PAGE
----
Bladder Tank Sizing for Variable Speed Pump

Users who are viewing this thread

ecodian

New Member
Messages
3
Reaction score
0
Points
0
Location
Indiana
I have recently installed a new variable speed pump and I saw that the old very large bladder tank have been replaced with a small tank. My plumber said that with VSD pump I only need a small bladder pump. When I ask him how do you size the bladder tank for the VSD pump and he just said that was all I needed.

Therefore, can anyone tell me

1. Why a VSD pump only need a small bladder tank?

2. how to size a bladder tank for the VSD pump?

3. Can we run the VSD pump without the bladder tank? I have tried with the bladder tank being isolated from the system and the VSD pump run as normal.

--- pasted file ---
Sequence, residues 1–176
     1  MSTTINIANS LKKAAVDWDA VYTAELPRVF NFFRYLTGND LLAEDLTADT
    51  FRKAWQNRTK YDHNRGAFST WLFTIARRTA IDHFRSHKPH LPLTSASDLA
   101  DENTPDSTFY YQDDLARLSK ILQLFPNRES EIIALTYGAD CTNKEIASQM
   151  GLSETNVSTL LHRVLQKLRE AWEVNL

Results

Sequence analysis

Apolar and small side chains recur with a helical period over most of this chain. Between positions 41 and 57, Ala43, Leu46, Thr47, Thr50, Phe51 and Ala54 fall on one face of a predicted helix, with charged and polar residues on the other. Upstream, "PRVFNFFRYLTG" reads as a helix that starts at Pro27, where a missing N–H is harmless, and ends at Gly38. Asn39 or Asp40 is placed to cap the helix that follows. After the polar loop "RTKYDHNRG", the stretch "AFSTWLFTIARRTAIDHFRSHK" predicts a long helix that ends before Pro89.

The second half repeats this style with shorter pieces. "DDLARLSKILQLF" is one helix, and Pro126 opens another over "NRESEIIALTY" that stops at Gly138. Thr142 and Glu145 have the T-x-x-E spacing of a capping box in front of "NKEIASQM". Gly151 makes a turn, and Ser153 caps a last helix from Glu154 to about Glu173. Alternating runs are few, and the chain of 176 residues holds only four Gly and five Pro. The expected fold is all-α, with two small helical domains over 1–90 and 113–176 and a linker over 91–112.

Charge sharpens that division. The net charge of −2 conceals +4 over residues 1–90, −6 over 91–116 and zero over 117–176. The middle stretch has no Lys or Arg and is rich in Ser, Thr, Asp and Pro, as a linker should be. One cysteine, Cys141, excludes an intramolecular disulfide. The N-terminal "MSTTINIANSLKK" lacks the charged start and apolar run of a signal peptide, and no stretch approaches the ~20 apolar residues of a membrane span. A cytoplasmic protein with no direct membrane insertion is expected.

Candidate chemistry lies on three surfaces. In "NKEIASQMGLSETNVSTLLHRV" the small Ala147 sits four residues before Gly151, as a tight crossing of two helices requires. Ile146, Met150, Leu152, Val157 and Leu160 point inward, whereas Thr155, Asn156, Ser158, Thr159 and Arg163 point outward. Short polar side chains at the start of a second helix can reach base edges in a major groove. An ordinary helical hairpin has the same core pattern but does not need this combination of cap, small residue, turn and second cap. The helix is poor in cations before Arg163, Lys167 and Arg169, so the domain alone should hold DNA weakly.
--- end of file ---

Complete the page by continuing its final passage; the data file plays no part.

Thanks.
 

dancour

New Member
Messages
9
Reaction score
0
Points
0
I understand that the small bladder tank only softens the many stops and starts of the pump. If you brush your teeth, it turns on and off.

As for the pressure setting, Franklin Monodrive recommends 70% of set pressure.

So a system set for 50 psi, would have a pressure tank setting of 35 psi.

See attached page from manual.
 

Attachments

  • Tank Size Pressure 1a.jpg
    Tank Size Pressure 1a.jpg
    58.2 KB · Views: 4,085

Valveman

Cary Austin
Staff member
Messages
14,676
Reaction score
1,318
Points
113
Location
Lubbock, Texas
Website
cyclestopvalves.com